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Basic Excel Charting Techniques

Charts are a great way in which to present numerical data in a meaningful way but you may not have any experience in creating charts in Excel so you avoid it. Basic charts are pretty easy to do. Here I will show you some simple techniques to get yourself acclimated to creating charts.

The example used in this lesson is a comparison of a small business revenues, expenses and earnings over the past two years on a quarterly basis. It will illustrate an improving trend in the company’s operating performance.

I would suggest that you practice this exercise as you follow along with the article.

To create the chart, follow these simple steps:

• Launch the Excel program
• Enter the data as shown in the illustration below



• Once the data has been entered, select the range of data to include the row descriptors and the column headings. (range A4:D12) The row descriptors will define the quarters on the vertical axis (the category axis) and the column headings will define the column legend.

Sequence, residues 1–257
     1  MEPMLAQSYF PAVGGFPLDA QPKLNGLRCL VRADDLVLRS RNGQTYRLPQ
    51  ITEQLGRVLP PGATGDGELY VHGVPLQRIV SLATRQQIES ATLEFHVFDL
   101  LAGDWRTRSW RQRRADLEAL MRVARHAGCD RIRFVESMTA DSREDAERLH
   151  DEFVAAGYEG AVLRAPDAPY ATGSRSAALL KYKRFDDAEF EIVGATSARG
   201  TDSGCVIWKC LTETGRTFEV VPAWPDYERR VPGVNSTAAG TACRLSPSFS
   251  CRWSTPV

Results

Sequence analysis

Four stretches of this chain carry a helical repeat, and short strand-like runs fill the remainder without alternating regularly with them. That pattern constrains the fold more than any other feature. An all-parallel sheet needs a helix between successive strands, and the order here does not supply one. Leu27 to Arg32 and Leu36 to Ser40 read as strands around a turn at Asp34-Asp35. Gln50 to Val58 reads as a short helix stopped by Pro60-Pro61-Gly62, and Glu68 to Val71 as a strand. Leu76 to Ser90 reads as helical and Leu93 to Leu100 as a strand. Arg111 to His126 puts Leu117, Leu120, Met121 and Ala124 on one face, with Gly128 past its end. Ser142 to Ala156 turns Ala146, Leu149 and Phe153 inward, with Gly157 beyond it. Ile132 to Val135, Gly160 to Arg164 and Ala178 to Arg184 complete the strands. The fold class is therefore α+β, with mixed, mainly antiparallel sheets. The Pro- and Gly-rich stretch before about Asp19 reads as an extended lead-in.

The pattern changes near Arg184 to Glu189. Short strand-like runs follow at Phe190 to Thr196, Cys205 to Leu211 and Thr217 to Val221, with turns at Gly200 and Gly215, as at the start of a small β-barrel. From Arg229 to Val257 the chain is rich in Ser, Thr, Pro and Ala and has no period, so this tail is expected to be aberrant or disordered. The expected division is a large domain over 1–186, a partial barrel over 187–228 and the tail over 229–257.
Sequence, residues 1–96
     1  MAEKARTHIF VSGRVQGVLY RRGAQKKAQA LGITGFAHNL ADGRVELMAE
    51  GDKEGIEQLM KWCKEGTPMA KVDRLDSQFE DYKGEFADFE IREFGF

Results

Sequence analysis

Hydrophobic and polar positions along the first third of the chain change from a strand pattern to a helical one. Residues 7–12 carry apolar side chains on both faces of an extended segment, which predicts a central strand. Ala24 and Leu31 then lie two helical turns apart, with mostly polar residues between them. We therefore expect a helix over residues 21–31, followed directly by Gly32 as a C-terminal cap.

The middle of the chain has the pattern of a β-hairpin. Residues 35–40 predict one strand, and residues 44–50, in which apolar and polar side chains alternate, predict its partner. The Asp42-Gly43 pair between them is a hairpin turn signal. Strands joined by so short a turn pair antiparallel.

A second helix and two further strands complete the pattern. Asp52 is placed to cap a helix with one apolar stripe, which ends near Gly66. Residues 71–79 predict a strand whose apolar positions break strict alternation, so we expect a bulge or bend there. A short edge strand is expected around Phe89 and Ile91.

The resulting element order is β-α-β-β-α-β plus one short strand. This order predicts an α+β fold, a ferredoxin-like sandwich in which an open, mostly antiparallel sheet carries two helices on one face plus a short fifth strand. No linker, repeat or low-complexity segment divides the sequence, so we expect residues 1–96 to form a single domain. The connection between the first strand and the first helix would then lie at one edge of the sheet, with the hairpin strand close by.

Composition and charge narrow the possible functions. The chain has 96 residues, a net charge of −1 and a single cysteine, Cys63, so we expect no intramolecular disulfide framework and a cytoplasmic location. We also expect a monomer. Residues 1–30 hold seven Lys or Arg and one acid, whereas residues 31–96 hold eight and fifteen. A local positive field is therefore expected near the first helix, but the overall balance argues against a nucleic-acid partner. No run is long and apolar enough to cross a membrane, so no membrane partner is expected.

• Press F11 – the F11 key will create a column chart on a separate worksheet tab (as shown in the illustration).

Using the F11 key is the simplest way to create a columnar chart. Once the chart has been created, you can then manipulate the chart in the same way you would have been able to if you had created the chart using the Chart Wizard.

Let’s take a moment to interpret this columnar chart.



Notice along the category axis, you will see the row descriptors representing each of the 8 quarters of data being charted. Each quarter is represented by 3 columns. The legend on the right hand side of the graph provides the labels for each column with Blue being the revenue data, cranberry the expense data and yellow the profit data. Notice the scale on the vertical axis (Value Axis) ranging from zero to $500,000 and the scale bars at $50,000 increments. Visually you can now see how the data behaves with a rising trend in revenues, declining trend in expenses and improving profitability. The chart clearly visualize the positive trends in the data.

A couple of other observations that you should make are:
• The chart tool bar opens automatically when you create the chart
• As you hover your mouse pointer over the various parts of the chart, you will see a tool tip labeling the chart object to which you are pointing. For example, if you point at the legend on the right side of the chart, a tool tip will appear with the word legend.

This technique provides a simple and easy methodology to create a quick, yet meaningful chart for interpretive visualization of data.

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Content copyright © 2013 by Chris Curtis. All rights reserved.
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